I made a list of literary-visual hybrids that I loved (front and back list). For example: all the works by W.G. Sebald (who will likely get a dedicated issue down the road), a slew of books published by Christine Burgin who has exquisite and unusual taste, and quite hybrid titles from a variety of more literary-minded publishers like Julio Cortazar’s Cosmonauts of the Autoroute (Archipelago), Christian Hawkey’s Ventrakl (Ugly Duckling Presse), Claudia Rankine’s Citizen (Graywolf), and Amarnath Ravva’s American Canyon (Kaya). I’m also particularly interested in Fluxus artists and reprints like Bern Porter’s Found Poems (republished by Nightboat) and several Primary Information titles such as the forthcoming reprint of Fantastic Architecture, edited by Dick Higgins and Wolf Vostell. I also wrote individually to publishers and booksellers I admire and asked for their recommendations to expand the list, and then I gave that list to booksellers who had signed up to review. Ultimately, it’s those booksellers who shaped the first issue by simply choosing the books they wanted to engage and write about.

How are books that “live at the intersection of art and literature” different from what we think of as “illustrated books”?

I think it’s really important to distinguish between illustrated books and books in which the artist/writer is working in some particularly hybrid mode—that asks the reader to engage in the inextricably intertwined acts of looking and reading. There are all kinds of easily categorized channels for coffee table and illustrated volumes, for museum catalogs and artist monographs. While they might be underserved sometimes in terms of being specifically reviewed, they get lots of other kinds of attention—exhibitions with plenty of press, stacks on gift tables at stores, best picks on Amazon, etc. The books reviewed in The Improbable are something very different.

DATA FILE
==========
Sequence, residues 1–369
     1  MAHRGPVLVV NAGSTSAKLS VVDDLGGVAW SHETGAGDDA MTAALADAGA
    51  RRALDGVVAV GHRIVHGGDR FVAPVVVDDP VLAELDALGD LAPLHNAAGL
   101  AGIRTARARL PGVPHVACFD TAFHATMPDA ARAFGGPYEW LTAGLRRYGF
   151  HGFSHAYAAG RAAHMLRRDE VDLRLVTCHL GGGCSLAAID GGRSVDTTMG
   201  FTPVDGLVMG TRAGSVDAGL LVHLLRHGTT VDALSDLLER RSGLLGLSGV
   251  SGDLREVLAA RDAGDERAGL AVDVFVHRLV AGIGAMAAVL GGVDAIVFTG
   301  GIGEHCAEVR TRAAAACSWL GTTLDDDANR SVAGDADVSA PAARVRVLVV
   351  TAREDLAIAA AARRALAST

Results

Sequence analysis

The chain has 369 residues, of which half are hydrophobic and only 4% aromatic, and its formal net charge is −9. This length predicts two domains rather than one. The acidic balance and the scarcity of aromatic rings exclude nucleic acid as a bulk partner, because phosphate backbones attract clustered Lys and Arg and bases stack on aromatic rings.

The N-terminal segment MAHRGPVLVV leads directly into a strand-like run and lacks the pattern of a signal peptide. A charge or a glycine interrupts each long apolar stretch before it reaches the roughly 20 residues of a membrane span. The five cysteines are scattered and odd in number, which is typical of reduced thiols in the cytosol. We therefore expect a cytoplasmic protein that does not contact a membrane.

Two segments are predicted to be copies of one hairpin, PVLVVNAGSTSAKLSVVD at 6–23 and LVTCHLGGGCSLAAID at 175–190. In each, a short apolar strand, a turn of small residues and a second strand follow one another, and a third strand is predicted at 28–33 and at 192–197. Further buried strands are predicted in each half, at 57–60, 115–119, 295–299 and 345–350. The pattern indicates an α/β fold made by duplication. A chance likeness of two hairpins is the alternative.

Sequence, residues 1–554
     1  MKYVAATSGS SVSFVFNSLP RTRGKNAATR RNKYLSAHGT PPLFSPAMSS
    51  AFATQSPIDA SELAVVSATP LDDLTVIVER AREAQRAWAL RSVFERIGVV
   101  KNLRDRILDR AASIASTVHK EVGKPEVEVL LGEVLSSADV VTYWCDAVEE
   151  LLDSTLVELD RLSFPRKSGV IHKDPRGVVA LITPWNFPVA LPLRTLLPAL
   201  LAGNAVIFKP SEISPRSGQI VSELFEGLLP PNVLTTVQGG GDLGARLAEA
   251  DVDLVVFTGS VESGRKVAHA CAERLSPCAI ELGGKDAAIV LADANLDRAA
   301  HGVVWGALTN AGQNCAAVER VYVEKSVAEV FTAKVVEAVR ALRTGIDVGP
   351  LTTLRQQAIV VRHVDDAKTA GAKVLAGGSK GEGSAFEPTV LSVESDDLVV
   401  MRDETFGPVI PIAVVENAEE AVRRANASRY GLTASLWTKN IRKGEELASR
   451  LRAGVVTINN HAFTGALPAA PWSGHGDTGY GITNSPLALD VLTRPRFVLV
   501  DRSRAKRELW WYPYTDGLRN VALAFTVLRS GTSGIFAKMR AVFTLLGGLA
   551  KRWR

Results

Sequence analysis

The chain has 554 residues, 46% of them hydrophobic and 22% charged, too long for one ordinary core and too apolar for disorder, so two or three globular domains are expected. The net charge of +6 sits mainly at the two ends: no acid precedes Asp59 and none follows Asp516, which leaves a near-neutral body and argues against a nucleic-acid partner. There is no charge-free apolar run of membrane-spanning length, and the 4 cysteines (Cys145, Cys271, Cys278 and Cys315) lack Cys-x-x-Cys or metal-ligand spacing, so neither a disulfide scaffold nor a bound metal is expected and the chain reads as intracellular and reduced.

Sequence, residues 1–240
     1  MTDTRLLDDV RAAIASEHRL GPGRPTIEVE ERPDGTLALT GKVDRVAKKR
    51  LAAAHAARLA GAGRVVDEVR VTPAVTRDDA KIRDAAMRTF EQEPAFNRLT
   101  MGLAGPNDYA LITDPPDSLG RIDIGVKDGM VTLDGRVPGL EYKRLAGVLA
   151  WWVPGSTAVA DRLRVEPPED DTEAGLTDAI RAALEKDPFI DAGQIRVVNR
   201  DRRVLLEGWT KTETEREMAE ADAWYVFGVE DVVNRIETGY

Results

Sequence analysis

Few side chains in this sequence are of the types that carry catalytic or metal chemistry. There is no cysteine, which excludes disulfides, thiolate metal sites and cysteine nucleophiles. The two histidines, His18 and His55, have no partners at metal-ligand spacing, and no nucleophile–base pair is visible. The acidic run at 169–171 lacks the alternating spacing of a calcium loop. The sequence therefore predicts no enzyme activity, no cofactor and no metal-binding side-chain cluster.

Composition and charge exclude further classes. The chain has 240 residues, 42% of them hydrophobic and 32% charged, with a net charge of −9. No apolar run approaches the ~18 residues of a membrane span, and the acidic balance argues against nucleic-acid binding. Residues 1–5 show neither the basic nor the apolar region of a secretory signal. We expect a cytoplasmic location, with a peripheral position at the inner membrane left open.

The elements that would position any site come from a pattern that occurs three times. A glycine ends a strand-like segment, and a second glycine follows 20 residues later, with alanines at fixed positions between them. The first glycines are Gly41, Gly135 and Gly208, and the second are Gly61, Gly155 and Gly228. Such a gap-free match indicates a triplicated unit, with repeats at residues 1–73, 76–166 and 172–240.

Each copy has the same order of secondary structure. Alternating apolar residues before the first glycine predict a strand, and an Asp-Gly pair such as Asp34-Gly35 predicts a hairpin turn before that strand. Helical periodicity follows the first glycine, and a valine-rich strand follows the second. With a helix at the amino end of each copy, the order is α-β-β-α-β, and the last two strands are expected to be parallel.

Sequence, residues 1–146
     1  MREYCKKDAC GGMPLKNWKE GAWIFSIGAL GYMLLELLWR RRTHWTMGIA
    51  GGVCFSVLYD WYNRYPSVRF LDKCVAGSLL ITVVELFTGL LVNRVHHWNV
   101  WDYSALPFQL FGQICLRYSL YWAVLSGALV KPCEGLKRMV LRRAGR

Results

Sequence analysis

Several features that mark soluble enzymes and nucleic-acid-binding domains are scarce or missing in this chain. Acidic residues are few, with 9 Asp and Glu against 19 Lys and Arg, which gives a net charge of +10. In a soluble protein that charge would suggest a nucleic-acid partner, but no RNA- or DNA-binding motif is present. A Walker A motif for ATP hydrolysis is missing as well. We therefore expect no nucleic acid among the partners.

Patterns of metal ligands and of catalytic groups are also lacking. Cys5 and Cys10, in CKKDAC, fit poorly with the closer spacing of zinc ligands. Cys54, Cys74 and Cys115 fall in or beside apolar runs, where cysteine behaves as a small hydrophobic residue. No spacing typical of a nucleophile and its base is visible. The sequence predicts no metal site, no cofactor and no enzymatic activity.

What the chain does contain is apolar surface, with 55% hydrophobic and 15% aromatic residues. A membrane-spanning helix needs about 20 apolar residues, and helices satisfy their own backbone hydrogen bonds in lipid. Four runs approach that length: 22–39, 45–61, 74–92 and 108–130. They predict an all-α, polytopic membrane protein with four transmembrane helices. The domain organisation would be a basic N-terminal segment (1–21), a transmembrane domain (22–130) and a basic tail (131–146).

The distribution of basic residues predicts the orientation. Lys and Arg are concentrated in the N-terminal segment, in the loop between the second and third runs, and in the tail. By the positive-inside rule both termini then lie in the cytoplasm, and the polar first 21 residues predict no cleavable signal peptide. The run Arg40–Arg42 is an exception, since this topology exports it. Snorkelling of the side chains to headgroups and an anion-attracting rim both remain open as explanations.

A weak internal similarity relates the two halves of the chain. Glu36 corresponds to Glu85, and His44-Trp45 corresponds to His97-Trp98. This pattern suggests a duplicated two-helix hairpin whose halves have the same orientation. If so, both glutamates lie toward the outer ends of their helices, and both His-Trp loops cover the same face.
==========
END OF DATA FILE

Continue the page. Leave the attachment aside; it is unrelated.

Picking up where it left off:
Do you see The Improbable focusing primarily on print books, or can you envision reviews of more formally versatile digital-only books? Do you want to (or not want to) see more books that are either published only in digital format or that differ in their digital and print editions? 

As a publisher I’m interested in artists and writers for whom the book—whether print or digital—is not simply a transparent delivery device. I have published a digital-print hybrid (Between Page and Screen by Amaranth Borsuk) and am open to other projects which really play with any form. For both The Improbable and for Siglio, the particular criteria is that the work is truly a literary-visual hybrid, whatever form that takes.

Who do you think is publishing the best reviews at the moment? 

I think the best writing and the most interesting range of books are covered in Hyperallergic and Bookforum. I also pay close attention to the Los Angeles Review of Books and as many of the usual suspects as I have time for (Harper’s, The New Yorker, New York Review of Books, etc.). But I’m also partial to the underground, the off-the-beaten, the let’s-do-it-differently reviews. The Art Book Review out of LA is particularly great in the latter regards: most of the reviews are written by artists rather than critics. It changes the terms of engagement—and I think that’s interesting for readers.

I can’t help it: what are you reading and loving right now? 

I just read Ben Lerner’s 10:04 (and there’s a fantastic two-page exegesis on the publishing world that is written into a scene in which live baby octopi are being consumed—insanely apropos). Greil Marcus’s Lipstick Traces and the Rough Guide to the Dordogne are on the top of the pile.

If you’re in New York, drop by the panel tonight to say hello to Lisa. And no matter where you are, sign up for the next installment of The Improbable here. And 10:04 is, indeed, terrific. 


Taylor Sperry is a former Melville House editor.